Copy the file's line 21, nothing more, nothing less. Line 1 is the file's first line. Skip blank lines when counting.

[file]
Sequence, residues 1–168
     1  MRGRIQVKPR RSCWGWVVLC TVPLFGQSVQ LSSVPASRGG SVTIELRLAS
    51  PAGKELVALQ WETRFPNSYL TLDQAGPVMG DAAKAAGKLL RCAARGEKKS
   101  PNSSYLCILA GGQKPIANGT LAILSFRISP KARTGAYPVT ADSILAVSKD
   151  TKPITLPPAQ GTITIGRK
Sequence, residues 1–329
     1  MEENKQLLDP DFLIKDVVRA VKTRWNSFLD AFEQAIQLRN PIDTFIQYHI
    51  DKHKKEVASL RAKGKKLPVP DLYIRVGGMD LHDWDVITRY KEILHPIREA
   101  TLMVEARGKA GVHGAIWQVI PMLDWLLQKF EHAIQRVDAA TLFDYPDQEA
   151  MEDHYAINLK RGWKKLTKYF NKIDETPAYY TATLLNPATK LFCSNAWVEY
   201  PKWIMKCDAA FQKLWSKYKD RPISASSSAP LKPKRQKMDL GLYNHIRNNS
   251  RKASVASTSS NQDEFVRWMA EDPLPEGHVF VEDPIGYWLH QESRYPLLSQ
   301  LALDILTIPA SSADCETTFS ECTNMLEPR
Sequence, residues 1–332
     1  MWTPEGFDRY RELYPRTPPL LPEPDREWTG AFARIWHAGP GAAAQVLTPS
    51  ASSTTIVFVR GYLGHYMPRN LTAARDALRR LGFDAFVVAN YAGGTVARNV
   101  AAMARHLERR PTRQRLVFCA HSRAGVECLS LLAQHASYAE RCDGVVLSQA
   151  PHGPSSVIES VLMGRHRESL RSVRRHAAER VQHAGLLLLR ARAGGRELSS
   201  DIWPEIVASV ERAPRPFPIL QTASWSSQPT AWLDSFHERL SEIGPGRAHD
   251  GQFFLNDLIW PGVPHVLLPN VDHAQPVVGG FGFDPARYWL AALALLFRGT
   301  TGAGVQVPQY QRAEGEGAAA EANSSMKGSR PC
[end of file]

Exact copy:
   301  TGAGVQVPQY QRAEGEGAAA EANSSMKGSR PC